A new Pew survey report on religion in the U.S. shows that the number of Americans calling themselves Christians has fallen in recent years — from 78.4 percent in 2007 to 70.6 percent in 2014.
The survey also shows a big shift in Minnesota. An appendix with the survey shows a drop of 6 percentage points in those identifying themselves as Catholic in the state, from 28 percent in 2007 to 22 percent in 2014. Nationally, the percentage of those calling themselves Catholic fell about 3.1 percentage points, from 24 percent to 21 percent.
The New York Times notes that the national decline affects “nearly all major Christian traditions and denominations, and crossing age, race and region.”
The story says the report of nearly 71 percent of Americans calling themselves Christian is the “lowest estimate from any sizable survey to date, and a decline of 5 million adults and 8 percentage points since a similar Pew survey in 2007.”
The survey indicates “many former Christians, of all ages, have joined the rapidly growing ranks of the religiously unaffiliated or ‘nones’: a broad category including atheists, agnostics and those who adhere to ‘nothing in particular.'”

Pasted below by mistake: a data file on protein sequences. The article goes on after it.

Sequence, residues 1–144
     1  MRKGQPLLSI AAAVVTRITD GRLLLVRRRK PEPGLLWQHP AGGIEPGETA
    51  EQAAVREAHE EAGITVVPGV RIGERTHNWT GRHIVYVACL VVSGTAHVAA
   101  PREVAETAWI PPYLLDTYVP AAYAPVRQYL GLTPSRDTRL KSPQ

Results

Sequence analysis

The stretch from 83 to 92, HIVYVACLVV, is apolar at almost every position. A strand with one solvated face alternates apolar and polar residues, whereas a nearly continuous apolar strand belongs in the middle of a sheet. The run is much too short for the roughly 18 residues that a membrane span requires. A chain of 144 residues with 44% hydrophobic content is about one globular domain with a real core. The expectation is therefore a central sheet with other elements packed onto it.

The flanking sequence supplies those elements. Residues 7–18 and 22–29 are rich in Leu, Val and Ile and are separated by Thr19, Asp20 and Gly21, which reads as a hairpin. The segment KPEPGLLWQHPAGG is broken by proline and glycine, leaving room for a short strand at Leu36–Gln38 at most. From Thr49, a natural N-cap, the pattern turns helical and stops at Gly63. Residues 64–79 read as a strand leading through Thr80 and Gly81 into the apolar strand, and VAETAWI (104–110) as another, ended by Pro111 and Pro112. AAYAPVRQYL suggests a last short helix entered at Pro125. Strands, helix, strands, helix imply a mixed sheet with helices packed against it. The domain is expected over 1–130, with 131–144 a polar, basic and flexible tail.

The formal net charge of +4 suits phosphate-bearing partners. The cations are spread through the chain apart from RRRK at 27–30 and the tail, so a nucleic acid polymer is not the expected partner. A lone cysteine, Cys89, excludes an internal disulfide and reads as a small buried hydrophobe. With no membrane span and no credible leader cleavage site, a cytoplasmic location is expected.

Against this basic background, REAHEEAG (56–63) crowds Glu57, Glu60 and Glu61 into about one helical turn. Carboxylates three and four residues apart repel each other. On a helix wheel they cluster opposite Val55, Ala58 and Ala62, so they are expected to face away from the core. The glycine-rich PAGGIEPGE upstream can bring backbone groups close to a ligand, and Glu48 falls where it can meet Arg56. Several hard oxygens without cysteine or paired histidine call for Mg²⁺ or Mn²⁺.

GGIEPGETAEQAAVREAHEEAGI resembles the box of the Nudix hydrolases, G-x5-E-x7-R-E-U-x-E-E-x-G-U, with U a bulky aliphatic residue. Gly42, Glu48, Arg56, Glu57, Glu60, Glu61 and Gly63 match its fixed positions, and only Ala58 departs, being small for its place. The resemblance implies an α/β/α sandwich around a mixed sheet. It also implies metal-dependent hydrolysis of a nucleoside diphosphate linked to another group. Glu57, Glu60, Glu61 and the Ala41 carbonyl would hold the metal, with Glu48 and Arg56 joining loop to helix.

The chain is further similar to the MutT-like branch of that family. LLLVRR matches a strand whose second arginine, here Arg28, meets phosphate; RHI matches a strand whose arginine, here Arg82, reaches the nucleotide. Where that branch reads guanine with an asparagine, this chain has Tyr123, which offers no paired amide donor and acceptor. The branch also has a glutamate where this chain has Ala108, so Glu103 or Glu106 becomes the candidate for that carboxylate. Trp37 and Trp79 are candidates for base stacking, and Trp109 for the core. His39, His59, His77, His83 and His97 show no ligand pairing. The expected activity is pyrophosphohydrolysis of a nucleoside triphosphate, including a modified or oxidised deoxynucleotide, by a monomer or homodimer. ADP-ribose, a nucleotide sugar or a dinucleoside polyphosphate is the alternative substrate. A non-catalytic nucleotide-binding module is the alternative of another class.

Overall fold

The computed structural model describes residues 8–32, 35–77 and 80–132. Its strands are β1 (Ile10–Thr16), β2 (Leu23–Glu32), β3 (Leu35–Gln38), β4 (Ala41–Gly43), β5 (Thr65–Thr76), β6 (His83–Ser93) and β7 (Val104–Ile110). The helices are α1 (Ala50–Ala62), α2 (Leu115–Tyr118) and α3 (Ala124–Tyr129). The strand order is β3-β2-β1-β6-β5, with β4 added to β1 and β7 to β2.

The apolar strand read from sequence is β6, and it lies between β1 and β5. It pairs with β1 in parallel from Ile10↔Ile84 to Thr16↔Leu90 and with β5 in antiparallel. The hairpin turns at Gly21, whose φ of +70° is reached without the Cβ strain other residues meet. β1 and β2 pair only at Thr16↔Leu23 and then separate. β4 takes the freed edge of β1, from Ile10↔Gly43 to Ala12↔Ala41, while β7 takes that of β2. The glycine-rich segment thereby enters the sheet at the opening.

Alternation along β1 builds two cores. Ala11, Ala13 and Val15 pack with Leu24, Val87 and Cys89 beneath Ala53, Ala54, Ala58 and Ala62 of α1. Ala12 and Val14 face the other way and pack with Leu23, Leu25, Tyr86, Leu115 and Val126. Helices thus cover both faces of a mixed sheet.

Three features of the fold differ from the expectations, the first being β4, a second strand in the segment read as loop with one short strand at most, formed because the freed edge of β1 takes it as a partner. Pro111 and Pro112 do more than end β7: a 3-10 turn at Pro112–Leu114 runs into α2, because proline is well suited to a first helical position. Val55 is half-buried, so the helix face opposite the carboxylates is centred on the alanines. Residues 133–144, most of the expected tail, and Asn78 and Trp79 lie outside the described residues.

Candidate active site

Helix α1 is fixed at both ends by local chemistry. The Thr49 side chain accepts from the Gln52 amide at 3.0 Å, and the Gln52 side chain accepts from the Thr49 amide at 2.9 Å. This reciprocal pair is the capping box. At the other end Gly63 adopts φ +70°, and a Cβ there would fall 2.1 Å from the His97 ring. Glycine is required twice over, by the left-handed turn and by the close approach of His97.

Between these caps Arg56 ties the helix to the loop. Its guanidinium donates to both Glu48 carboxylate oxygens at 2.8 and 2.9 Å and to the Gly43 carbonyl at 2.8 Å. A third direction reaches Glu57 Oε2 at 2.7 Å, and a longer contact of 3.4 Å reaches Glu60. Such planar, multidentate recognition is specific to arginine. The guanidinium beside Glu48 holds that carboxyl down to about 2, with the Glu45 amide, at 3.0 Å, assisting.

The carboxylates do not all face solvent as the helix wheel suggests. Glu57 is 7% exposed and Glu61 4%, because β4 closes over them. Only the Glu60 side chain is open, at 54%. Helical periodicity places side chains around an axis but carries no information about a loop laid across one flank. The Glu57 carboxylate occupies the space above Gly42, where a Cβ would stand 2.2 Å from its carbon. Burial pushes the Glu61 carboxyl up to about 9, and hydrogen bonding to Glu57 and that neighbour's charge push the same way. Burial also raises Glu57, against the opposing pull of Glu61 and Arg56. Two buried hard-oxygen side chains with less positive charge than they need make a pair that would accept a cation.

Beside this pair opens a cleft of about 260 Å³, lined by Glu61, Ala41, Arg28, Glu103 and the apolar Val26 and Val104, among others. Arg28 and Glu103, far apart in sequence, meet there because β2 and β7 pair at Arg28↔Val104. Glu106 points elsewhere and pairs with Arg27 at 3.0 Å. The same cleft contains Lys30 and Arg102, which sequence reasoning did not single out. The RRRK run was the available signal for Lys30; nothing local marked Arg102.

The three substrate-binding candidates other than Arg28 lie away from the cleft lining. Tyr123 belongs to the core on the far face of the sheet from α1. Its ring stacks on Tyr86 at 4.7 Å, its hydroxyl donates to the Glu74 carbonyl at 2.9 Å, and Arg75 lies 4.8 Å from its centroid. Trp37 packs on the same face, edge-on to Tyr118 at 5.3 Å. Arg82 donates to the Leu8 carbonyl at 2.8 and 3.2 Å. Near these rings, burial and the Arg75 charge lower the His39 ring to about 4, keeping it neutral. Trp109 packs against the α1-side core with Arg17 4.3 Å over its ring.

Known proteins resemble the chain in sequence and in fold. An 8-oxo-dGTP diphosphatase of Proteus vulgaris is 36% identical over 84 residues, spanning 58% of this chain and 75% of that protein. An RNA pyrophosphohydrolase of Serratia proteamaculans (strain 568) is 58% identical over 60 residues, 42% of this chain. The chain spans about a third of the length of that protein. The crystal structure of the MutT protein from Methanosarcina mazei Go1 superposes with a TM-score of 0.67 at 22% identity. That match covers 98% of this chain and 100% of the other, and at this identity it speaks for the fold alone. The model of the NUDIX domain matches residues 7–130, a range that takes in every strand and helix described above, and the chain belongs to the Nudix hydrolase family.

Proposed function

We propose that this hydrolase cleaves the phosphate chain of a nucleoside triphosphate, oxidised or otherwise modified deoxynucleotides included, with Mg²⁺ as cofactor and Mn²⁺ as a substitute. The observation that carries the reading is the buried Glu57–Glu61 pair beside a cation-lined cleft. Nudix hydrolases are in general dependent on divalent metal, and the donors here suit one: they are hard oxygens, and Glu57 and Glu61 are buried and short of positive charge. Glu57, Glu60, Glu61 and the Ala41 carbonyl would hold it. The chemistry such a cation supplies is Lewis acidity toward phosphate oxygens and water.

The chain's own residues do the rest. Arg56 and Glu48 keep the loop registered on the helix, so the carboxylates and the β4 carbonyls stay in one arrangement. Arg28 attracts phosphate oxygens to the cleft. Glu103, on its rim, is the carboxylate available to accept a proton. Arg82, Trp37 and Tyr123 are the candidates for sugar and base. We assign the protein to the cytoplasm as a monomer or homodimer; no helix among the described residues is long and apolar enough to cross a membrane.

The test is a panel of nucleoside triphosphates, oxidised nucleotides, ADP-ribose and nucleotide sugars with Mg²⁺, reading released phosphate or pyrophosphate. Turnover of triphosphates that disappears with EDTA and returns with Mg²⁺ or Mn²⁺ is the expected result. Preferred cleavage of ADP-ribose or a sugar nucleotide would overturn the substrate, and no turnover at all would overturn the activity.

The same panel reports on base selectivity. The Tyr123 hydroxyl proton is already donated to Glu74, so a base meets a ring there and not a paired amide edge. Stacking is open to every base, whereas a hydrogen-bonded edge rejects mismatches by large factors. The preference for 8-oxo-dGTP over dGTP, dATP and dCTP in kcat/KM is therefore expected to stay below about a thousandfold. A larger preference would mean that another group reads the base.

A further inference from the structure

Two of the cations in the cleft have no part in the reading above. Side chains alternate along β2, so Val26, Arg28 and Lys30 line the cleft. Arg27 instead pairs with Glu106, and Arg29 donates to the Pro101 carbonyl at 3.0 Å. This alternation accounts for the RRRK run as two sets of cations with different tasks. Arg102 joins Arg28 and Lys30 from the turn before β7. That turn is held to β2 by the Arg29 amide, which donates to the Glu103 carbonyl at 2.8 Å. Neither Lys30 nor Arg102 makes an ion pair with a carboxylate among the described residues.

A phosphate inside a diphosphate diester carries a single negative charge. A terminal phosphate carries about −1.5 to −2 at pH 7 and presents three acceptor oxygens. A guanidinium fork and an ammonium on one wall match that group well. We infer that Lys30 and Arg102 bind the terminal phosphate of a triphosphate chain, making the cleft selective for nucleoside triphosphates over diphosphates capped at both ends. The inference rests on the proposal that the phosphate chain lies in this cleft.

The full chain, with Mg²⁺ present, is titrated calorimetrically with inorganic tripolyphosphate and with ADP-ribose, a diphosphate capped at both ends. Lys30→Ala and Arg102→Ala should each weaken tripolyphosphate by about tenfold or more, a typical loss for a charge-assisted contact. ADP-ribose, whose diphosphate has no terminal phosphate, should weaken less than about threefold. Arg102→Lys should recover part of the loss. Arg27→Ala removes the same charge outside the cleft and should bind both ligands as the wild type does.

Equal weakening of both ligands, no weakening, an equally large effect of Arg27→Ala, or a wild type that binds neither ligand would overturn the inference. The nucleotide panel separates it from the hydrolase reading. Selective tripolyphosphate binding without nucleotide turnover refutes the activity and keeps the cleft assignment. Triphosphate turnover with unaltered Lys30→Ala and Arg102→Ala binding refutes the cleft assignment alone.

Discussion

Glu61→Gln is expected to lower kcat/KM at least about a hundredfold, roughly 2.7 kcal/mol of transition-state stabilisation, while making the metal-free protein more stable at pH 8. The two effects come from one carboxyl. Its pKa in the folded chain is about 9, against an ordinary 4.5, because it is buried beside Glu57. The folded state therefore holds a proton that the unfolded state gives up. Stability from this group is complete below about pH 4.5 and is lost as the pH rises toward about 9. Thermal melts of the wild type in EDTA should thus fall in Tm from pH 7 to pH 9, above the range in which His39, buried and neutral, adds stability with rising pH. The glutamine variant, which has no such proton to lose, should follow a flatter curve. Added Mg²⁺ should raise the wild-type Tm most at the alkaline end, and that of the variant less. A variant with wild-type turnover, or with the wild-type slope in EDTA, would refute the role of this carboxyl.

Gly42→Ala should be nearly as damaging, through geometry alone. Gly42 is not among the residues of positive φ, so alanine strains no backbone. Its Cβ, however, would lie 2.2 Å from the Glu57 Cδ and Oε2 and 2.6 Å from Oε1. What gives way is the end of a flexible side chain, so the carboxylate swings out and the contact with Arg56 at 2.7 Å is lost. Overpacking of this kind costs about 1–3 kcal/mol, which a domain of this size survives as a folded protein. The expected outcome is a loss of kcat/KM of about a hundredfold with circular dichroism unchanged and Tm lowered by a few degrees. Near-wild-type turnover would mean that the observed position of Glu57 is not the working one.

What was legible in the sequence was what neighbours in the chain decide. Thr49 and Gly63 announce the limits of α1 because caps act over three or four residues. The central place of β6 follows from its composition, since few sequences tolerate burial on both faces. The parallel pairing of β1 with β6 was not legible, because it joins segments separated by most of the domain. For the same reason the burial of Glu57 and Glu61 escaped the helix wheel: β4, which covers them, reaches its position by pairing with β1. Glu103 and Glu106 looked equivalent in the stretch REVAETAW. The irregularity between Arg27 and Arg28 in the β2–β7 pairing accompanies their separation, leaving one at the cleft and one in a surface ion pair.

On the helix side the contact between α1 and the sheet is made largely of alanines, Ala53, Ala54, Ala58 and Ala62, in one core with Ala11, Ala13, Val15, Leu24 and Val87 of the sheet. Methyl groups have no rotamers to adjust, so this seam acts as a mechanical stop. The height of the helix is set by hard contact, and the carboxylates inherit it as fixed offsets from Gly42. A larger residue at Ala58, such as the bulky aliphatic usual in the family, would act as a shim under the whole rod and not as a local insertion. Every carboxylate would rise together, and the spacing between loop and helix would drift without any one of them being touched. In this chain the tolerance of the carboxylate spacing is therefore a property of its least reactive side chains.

The survey notes that:
Like mainline Protestants, Catholics appear to be declining both as a percentage of the population and in absolute numbers. The new survey indicates there are about 51 million Catholic adults in the U.S. today, roughly 3 million fewer than in 2007.
An appendix to the survey, breaking down the numbers by state, shows this for some Minnesota affiliations:
- 2014: 19 percent
- 2007: 21 percent
- 2014: 29
- 2007: 32
Historically Black mainline tradition
- 2014: 2
- 2007: 1
- 2014: 22
- 2007: 28